Experimental Modelling of Flow in an Open Channel Vortex Chamber

Sean Mulligan, John Casserly, Richard Sherlock

Thursday 2 july 2015

12:15 - 12:30h at South America (level 0)

Themes: (T) Water engineering, (ST) Hydraulic machinery and industrial flows

Parallel session: 11C. Engineering - Industrial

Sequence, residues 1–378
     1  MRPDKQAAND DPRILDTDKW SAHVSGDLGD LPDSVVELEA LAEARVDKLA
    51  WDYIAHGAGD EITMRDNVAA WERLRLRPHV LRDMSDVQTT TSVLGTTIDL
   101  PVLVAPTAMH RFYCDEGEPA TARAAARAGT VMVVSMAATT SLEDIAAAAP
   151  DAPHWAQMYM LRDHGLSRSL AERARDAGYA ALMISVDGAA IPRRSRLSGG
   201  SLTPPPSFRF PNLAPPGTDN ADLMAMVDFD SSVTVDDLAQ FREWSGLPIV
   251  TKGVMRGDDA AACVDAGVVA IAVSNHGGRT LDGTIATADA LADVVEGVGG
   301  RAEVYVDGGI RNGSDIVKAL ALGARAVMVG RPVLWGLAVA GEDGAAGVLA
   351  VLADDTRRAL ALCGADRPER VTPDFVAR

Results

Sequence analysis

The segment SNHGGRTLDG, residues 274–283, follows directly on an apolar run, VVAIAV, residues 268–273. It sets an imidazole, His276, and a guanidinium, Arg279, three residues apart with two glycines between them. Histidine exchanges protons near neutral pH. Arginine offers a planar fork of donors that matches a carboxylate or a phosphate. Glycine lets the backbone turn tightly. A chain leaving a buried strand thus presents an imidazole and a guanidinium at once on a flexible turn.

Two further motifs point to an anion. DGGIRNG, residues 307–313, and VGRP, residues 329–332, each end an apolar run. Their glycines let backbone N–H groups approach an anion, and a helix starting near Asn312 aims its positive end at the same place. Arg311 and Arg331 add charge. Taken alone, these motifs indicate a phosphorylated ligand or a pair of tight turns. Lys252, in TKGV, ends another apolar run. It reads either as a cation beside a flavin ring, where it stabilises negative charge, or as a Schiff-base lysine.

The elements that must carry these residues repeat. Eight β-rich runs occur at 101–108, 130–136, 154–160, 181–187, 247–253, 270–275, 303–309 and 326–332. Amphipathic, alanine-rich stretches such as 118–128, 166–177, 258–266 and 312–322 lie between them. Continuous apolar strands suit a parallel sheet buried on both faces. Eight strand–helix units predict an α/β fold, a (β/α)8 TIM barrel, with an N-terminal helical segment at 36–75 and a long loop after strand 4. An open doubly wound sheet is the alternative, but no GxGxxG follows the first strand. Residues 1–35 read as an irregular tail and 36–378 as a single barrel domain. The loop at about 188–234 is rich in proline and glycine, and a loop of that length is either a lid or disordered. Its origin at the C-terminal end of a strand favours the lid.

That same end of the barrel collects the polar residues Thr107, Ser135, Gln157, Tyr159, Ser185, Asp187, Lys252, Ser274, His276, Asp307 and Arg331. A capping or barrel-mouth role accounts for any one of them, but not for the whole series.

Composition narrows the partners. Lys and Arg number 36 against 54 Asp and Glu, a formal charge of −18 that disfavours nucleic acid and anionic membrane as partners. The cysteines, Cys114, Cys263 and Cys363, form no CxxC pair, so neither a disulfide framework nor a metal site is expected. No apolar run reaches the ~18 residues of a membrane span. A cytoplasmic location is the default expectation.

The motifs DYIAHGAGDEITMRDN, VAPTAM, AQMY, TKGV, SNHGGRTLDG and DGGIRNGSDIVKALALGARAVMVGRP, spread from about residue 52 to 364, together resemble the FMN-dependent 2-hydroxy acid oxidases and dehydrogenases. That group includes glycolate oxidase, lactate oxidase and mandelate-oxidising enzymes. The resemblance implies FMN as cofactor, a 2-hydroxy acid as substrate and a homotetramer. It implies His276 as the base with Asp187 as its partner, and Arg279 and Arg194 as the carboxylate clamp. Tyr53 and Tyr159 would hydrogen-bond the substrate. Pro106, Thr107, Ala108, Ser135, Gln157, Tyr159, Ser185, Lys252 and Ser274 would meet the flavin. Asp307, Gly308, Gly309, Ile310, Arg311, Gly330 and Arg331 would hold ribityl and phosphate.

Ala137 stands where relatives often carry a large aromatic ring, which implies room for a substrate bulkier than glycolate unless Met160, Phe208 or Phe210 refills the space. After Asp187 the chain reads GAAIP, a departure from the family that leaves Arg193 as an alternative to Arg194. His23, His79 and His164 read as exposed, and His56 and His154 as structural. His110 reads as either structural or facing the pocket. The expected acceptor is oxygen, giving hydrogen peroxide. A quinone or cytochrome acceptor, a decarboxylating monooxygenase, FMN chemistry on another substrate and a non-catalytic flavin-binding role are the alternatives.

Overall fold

The use of strong, free-surface vortex flows has become popular in industry in recent years with applications ranging from energy dissipation in drop shaft structures to novel approaches in hydropower generation. Increasing demand for vortex flow systems necessitates an improved and generalised understanding for the hydraulic characteristics of strong free-surface vortices. In this paper, a comprehensive investigation of the key flow characteristics in an open channel vortex chamber with a subcritical approach flow is presented. The methods of analytical and physical modelling are employed. Particle tracking velocimetry (PTV) and free-surface data from a scaled experimental model are used to validate analytical models and to present information on the dependent variables of the system. Twelve geometries of the vortex chamber casing are examined as well as a single radial flow case. The experimental results indicate that the flow is strongly dependent on three non-dimensional variables related to the approach flow conditions. Two of these variables can be grouped together to create a geometric parameter K1 which directly relates to the circulation number N_ of the vortex. The empirical model can be used to predict the flowrate for a prototype. Errors on the scaled test case using this empirical solution are found to be in the region of 4.5 – 6 %. The free-surface and PTV data also implies that the ideal vortex model provides a good prediction of the tangential velocity and pressure fields with a slight deviation near the vortex core due to the growth of turbulent eddy viscosity or local axial velocities. It is also concluded that the tangential velocity profile is independent of the subsurface depth z/d in the vortex but is diminished close to the tank boundaries and water surface. The radial velocity profiles suggest that the bulk of radial flow is confined to bands at the vessel floor and water surface where the tangential velocity is minimal. The combined outcomes of this paper present simple and effective empirical solutions for approximating discharge and circulation conditions as well as the tangential velocity fields in strong free-surface vortices for relevant industrial applications.